Labeling

Ian went through a phase a while back in which he labeled everything. He was learning new words every day, and by golly, he was going to use them. We drove around town and he exclaimed from the backseat, “House! Car! Truck! Tree! Moon!” In the Meijer produce section, he’d shout, “Apple! Nana! ‘Mato! Pepper!” I don’t know the official, scientific name for this developmental phase. I could dig out my childhood development textbooks from the basement and read about the cognitive and linguistic significance of it all, but I’m slowly figuring it out for myself.

In some ways, he still does this labeling thing, but he embellishes more: “Mama! I saw a pick-up truck! I saw a blue pick-up truck, Mama. It so big!”

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Evan’s lab building is in the heart of downtown, right across the street from a hospital. Ian loves going to pick him up after work, because it’s very likely we’ll see a bus, ambulance, or construction vehicle. On the way home the other day, Ian was trying so badly to say, “I saw two ambulances and a police car,” but he could not even get the words out because was so over-the-moon excited. He was just yelling and sputtering random syllables, and Evan and I could not stop laughing.

Sometimes it drives me crazy, but it doesn’t matter how many ambulances or pick-up trucks or police cars we see. He remains exuberant at each and every sighting, as if they were ancient fossils, once-in-a-lifetime discoveries.

Back in November, our small group was talking about gratitude (as one does that time of year). Counting gifts is still one of my favorite spiritual practices; it never fails to bring my focus back around to Jesus. It’s how I abide, how I pray without ceasing, how I choose the better way.

Our group talked about this practice, reflecting on how it can sometimes be insincere or legalistic, and wondering if we miss the bigger story God is writing when we’re so focused on the minute details of our lives.

One friend said, “Sometimes, it makes me feel like a little kid saying grace, you know what I mean? Like, ‘Thank you for my chicken, and for my french fries, and for my puppy, and for Sesame Street, and thank you for my friend Sarah, and for my ketchup, and…’”

I get that. In the years I spent serving in children’s ministry, I heard so many prayers that were offered up for no reason but the simple desire to be just like the other girl in class or to have one’s voice heard. And sometimes, we would end up praying for everyone’s goldfish (all of which mysteriously died within the same week). My four year-old nephew loves to say grace before family dinners right now. When the time comes, everyone waits with baited breath. You just never know what kind of prayer you’re going to get with a four year-old.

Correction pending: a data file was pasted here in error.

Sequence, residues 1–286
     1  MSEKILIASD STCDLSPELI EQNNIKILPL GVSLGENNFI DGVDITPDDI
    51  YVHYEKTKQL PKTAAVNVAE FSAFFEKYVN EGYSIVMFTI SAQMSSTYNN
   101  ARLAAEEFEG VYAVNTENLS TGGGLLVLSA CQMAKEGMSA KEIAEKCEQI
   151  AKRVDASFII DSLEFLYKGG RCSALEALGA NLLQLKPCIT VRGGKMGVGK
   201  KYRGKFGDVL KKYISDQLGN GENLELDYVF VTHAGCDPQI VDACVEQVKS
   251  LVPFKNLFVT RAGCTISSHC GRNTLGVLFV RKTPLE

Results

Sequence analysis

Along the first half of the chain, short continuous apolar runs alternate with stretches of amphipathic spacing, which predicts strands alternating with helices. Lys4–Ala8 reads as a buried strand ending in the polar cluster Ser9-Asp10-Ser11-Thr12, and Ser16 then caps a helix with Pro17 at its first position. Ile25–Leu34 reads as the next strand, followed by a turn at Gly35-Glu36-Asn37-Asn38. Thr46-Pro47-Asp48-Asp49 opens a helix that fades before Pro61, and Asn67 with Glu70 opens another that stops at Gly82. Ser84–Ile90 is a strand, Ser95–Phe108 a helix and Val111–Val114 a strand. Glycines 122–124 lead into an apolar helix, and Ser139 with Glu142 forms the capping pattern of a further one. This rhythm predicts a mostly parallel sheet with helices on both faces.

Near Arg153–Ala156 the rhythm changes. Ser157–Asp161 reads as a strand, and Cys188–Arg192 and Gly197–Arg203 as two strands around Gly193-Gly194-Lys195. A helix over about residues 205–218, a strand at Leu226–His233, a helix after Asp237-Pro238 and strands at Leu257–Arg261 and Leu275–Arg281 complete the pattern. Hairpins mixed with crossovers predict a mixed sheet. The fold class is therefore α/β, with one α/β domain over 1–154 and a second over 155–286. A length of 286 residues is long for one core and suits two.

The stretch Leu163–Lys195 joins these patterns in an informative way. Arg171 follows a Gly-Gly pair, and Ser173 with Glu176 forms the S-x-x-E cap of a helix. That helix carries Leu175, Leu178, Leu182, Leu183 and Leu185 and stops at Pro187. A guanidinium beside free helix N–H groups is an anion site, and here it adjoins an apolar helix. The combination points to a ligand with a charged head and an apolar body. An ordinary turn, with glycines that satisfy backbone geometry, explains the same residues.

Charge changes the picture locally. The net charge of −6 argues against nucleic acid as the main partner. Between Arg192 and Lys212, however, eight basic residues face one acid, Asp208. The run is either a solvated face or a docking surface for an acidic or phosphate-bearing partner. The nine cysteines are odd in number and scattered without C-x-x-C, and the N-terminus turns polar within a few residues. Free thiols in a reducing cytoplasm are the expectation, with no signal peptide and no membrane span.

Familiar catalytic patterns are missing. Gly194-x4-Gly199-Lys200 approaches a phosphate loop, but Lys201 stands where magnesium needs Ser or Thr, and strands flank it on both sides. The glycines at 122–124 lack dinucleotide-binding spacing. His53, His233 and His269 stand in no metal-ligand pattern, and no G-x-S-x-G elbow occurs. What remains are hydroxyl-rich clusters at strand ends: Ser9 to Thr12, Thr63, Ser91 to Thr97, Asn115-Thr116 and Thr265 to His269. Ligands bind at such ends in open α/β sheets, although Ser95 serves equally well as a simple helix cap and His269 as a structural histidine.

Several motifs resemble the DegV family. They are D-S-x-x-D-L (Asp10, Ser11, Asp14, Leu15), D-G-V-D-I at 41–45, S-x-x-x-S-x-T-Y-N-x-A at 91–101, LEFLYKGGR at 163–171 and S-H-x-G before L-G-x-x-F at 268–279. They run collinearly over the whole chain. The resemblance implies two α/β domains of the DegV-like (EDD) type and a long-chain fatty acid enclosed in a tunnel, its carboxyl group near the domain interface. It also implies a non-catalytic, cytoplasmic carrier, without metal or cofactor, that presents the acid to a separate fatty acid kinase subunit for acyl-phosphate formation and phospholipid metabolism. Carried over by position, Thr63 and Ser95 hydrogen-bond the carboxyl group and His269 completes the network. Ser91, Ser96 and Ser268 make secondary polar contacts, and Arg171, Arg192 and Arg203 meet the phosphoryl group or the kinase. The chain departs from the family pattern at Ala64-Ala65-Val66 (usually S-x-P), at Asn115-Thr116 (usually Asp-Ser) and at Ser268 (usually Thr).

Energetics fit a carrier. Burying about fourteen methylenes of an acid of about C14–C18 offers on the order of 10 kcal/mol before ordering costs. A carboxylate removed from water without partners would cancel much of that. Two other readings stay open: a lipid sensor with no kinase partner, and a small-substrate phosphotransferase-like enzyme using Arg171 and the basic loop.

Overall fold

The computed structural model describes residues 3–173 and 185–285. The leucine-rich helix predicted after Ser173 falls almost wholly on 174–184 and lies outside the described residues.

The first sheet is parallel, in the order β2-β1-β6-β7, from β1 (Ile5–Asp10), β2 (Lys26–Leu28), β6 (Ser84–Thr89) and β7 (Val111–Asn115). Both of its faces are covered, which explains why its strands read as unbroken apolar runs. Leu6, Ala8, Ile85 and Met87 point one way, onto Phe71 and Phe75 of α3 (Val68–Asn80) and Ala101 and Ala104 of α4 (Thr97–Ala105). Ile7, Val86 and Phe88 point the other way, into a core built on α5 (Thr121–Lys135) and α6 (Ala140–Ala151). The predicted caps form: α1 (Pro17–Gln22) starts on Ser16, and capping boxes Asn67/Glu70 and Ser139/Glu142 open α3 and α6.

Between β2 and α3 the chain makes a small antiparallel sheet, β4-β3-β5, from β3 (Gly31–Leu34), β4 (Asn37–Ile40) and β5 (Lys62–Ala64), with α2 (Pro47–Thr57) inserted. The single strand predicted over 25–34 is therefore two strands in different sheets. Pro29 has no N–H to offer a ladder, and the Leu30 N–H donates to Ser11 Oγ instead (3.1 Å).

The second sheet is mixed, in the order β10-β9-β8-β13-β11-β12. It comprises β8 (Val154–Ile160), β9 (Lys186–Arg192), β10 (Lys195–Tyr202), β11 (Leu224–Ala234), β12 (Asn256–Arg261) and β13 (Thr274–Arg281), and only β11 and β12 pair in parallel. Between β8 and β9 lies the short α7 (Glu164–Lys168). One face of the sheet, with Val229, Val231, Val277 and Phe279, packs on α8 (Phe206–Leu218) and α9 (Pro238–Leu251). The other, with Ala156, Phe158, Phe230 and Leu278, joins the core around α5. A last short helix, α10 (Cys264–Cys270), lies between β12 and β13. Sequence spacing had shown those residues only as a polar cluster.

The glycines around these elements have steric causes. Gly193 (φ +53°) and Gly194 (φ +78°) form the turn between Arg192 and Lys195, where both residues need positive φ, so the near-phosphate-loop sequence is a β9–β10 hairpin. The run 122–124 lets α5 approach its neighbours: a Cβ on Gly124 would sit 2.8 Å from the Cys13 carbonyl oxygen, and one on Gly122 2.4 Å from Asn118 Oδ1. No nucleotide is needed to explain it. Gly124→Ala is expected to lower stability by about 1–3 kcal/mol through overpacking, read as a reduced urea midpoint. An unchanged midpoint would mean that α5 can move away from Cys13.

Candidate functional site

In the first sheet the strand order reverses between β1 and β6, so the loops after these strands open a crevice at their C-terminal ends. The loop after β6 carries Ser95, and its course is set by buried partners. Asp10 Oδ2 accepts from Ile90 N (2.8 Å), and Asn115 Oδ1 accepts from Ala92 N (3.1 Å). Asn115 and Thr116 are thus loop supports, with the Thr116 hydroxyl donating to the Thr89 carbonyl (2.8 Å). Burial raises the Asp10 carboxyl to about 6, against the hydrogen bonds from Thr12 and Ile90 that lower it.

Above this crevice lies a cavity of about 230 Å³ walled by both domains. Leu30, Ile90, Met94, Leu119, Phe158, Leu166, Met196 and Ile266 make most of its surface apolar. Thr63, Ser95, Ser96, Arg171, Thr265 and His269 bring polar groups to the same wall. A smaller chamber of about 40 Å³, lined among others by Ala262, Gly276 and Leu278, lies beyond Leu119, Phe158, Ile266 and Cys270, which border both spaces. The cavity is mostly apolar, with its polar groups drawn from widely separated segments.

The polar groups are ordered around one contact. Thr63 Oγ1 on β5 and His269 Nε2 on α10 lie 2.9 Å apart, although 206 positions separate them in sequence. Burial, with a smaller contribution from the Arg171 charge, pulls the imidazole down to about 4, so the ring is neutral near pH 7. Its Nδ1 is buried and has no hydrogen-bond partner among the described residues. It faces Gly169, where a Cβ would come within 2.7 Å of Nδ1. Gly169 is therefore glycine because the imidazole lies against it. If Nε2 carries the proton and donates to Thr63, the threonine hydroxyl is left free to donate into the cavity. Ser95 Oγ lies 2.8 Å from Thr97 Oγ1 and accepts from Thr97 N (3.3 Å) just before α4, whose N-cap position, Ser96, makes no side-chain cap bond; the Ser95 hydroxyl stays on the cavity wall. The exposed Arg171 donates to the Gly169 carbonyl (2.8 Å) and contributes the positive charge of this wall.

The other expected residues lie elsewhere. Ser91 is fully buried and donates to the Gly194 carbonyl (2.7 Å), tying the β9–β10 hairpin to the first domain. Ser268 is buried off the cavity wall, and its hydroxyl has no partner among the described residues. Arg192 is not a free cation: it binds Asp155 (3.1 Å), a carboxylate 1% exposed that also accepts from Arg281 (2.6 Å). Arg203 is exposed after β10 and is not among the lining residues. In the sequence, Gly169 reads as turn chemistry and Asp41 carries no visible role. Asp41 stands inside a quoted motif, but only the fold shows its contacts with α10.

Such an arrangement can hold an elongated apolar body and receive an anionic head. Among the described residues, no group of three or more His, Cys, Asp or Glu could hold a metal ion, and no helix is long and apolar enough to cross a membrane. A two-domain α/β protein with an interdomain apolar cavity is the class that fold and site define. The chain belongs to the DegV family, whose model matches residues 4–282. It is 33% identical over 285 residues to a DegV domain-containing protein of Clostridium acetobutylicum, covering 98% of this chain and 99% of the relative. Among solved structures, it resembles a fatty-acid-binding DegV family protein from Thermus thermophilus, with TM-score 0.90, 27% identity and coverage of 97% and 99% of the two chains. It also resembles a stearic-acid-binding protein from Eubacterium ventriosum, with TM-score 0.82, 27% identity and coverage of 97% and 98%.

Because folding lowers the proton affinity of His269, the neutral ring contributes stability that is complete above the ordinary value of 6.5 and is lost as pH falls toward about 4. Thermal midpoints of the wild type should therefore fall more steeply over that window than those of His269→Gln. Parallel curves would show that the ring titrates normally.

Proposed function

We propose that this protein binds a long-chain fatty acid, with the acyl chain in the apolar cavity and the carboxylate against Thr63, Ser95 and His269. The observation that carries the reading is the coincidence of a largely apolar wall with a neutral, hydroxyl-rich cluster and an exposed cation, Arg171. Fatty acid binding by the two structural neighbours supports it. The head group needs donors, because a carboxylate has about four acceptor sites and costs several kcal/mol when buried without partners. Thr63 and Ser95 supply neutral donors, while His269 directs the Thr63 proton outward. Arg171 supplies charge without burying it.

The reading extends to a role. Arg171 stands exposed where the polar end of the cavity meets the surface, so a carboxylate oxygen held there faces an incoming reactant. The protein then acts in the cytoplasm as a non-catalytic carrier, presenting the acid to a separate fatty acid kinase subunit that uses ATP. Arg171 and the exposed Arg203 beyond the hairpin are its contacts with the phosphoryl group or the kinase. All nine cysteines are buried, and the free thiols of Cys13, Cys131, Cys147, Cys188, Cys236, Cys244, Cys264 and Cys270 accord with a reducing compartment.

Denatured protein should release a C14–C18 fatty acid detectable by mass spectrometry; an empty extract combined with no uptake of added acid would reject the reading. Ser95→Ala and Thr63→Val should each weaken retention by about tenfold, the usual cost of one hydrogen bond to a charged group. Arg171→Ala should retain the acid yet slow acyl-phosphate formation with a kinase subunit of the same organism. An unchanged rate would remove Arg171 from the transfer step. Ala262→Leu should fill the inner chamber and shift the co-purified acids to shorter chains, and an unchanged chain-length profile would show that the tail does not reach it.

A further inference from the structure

I remember, though, that Jesus said we should receive the kingdom like a child, making ourselves simple and lowly. I used to think this meant accepting without question or believing without logic. Now I think Jesus was talking about joy and curiosity and love.

Ian’s world is coming more alive to him everyday. He might not know it, but he makes it clear though his excitement and his questions. Every moment is ripe with new discoveries.

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I want to see the world more this way, with never-ceasing joy and never-waning enthusiasm. Just like Ian notices every single pick-up truck in the Target parking lot, I want to take note and give thanks for every single gift God gives. Maybe it’s childish to do so. Maybe that’s good.

Tomorrow’s gifts might be the same as they are today, but Ian teaches me that familiarity doesn’t make them any less wonderful or miraculous. And indeed, there are gifts today that I don’t even have the words for yet.

In the meantime:
hot cup of coffee
throaty newborn giggle
slobbery toddler kiss
pot of spaghetti on the stove
tulips sprouting out front
house, car, truck, tree, moon

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Author: Lindsey Cornett

A Florida girl navigating life in Michigan // learning to trade perfectionism for freedom with an iced coffee in hand

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